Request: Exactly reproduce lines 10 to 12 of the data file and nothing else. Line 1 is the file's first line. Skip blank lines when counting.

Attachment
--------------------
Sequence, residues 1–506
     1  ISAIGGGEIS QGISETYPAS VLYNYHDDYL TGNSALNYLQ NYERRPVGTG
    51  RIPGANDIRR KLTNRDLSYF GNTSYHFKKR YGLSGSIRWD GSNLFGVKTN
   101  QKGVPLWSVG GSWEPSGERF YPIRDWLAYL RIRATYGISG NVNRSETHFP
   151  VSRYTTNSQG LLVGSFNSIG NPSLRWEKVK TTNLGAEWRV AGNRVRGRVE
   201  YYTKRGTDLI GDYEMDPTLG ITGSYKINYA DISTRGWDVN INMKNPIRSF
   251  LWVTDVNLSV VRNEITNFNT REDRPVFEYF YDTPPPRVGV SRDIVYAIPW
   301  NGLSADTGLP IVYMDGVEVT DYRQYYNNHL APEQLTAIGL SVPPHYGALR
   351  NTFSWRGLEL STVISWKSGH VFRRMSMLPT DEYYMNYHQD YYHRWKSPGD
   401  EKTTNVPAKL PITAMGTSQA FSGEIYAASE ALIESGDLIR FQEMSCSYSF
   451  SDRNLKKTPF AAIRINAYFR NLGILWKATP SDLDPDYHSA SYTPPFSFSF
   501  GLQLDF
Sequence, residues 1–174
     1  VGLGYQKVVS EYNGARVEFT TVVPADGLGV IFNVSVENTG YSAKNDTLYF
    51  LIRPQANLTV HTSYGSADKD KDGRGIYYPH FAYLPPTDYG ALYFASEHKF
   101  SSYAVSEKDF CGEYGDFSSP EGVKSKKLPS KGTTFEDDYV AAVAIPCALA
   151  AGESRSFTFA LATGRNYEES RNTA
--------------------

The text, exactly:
   401  EKTTNVPAKL PITAMGTSQA FSGEIYAASE ALIESGDLIR FQEMSCSYSF
   451  SDRNLKKTPF AAIRINAYFR NLGILWKATP SDLDPDYHSA SYTPPFSFSF
   501  GLQLDF